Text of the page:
I love this blog, I always have…but I love my daughter more. So I shut it down, even though it was quite possibly one of the worst things I could have done for my career. Because at the end of the day, I would have traded every book deal, every signing, every time I held my paperback, just to keep our daughter.
So I shut it down.
EYES TURNED SKYWARD released, which I quite fittingly dedicated to her, because even if she didn’t stay, I needed her to be able to look back one day and see that she’d been worth every second, every heartbeat, every risk.
Christmas was joyful!
And the months…they went by so quickly, yet the weeks dragged as we waited for monthly court dates, changes, constantly told that we didn’t know what would happen. That we weren’t guaranteed anything, and though she’d been with us for almost a year and a half, there was every possibility that she wouldn’t grow up with us. In fact, heading into that next permanency hearing, they told us to expect that she would be kept in care another year or more.
I won’t go into the hearing, or the fear that closed my throat when they put me on the stand to testify. But at the end of the hearing, the judge shocked us and agreed to move her toward adoption.
Three weeks later, Jason had to go. The military had delayed his orders as long as possible, but he was needed at Fort Carson, and he went.
So the kids started the nightly Skype:
And she stayed with us.
Every day was counted. We were blessed every single second she was with us.
And then turned Two:
And Jason visited when he could, mostly when I had to be out of town at signings so that Little Miss didn’t have to go into Foster Care. And the minute those two were in the same room…peas and carrots. She only has eyes for him.
SuperGirl graduated High School. We spent the summer waiting to schedule court dates, get court dates and attend court dates. We literally hung in limbo, living 1800 miles apart, not knowing if the termination hearing would go our way, or if she’d be kept in foster care even longer.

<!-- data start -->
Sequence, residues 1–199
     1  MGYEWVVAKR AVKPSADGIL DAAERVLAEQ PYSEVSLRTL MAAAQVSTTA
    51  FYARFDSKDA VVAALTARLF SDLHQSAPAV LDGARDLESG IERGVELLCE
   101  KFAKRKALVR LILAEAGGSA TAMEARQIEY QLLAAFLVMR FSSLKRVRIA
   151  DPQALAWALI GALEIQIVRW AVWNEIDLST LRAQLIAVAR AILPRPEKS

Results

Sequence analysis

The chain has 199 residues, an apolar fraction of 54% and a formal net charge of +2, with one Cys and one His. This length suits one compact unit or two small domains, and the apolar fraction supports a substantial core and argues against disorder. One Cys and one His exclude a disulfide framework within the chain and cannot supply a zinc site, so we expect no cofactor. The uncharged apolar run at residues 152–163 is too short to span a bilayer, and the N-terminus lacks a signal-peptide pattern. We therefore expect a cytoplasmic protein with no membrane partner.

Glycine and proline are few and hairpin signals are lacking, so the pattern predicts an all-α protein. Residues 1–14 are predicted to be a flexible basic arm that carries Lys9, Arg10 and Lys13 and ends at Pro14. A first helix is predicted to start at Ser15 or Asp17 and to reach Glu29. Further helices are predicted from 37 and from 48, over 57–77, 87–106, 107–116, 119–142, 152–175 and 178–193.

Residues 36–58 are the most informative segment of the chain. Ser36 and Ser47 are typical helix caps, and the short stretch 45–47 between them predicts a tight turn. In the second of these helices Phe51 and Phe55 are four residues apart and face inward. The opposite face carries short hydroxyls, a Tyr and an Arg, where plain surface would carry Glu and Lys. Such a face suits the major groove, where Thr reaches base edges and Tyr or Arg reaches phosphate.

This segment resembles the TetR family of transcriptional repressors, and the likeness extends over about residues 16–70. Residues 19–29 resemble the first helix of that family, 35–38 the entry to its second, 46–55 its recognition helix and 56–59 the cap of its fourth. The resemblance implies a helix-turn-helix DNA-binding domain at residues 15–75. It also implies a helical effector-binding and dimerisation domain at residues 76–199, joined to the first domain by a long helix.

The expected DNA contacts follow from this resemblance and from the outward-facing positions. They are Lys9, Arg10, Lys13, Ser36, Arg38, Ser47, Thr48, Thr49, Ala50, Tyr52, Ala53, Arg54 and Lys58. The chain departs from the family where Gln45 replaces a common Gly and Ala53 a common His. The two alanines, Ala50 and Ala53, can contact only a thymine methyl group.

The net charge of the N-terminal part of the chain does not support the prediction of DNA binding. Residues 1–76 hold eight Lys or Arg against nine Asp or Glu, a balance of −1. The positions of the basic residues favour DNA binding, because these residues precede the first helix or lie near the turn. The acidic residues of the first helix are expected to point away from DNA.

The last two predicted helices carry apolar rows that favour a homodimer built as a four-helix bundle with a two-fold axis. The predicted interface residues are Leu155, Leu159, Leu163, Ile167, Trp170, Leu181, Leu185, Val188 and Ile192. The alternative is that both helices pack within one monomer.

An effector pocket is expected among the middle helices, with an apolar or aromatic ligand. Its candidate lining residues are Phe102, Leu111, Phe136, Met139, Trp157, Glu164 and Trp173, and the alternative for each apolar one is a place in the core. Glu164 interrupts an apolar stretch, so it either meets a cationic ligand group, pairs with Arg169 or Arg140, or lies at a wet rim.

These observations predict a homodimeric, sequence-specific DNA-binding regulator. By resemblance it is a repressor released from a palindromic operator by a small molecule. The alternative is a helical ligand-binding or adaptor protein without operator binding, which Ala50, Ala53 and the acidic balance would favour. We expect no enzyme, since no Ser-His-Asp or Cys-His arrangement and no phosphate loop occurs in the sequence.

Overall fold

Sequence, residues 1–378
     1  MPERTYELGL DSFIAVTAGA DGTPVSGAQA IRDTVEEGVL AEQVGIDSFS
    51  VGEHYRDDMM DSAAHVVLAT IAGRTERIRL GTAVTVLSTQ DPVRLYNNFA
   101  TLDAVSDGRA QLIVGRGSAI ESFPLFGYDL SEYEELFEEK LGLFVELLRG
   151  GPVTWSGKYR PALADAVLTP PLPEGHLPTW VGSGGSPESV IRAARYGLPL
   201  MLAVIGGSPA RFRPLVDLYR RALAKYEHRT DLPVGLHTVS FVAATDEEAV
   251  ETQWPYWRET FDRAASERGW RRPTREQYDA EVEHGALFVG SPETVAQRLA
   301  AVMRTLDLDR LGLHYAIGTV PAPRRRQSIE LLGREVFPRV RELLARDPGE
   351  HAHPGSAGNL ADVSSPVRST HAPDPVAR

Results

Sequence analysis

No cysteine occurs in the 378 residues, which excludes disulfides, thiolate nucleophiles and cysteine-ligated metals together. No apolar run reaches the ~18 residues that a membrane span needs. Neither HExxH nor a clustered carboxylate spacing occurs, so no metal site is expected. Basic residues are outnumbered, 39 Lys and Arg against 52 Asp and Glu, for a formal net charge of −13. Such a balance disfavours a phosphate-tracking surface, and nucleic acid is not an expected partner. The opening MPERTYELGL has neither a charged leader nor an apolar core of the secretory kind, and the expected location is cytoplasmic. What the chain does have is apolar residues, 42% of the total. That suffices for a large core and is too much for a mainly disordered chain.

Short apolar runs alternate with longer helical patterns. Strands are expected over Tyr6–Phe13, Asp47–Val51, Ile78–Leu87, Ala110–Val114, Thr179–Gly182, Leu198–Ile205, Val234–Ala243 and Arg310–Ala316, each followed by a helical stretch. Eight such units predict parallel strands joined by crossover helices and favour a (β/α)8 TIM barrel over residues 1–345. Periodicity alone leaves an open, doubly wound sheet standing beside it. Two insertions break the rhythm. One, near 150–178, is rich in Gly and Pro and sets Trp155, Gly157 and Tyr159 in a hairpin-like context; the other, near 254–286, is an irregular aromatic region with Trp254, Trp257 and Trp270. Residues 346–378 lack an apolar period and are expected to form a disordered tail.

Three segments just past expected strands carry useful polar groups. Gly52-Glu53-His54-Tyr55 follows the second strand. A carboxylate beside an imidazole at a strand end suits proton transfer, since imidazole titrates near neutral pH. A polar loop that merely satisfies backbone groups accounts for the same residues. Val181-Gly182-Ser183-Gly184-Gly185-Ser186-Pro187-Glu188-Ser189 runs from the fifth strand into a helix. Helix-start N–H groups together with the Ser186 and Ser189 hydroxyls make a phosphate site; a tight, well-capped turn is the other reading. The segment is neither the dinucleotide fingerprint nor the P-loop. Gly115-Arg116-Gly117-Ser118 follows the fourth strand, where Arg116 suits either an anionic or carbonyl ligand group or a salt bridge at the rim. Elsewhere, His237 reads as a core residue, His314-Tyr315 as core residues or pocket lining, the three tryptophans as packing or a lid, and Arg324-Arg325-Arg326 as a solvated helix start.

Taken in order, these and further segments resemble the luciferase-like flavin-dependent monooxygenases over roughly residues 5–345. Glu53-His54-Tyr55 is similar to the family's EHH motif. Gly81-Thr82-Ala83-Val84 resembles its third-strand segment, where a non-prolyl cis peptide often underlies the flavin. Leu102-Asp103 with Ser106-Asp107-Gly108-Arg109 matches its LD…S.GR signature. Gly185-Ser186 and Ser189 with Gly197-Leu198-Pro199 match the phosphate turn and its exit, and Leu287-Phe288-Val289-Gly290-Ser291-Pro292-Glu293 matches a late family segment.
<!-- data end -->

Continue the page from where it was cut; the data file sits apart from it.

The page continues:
The Fall came, and we brought Little Miss to Colorado so we could drop SuperGirl off to College, and the sneak peek into what our life could be, all together in one state, was almost too much.
So we headed back to NY to spend our last months apart.
I can’t explain to you the fear of those months, the constant gnawing in my stomach that we’d lose our precious daughter.
We both bargained with God.
I told Him I wouldn’t care if the new book release failed, if the contract I was waiting on didn’t come through, if the house didn’t sell.
Jason said he didn’t care if he didn’t make the promotion list.
We would have given anything to make sure she stayed.
They told us going in to the hearing that there was no guarantee we’d win.
No guarantee that we’d walk out of that courtroom one step closer to a permanent solution for this little girl who had been in foster care for exactly one day longer than two years…81% of her tiny little life.
We were terrified.
Even with every skill I have as a writer, I can’t adequately explain the gamut of emotion we ran that day, even the sobs that I couldn’t swallow when our social worker told us that it was over—that she was ours.
With every odd against her, after fighting for our Little Miss for two years,
Welcome to the family, Little Miss Yarros.
Looks like I’m not really
the Only Girl Among Boys.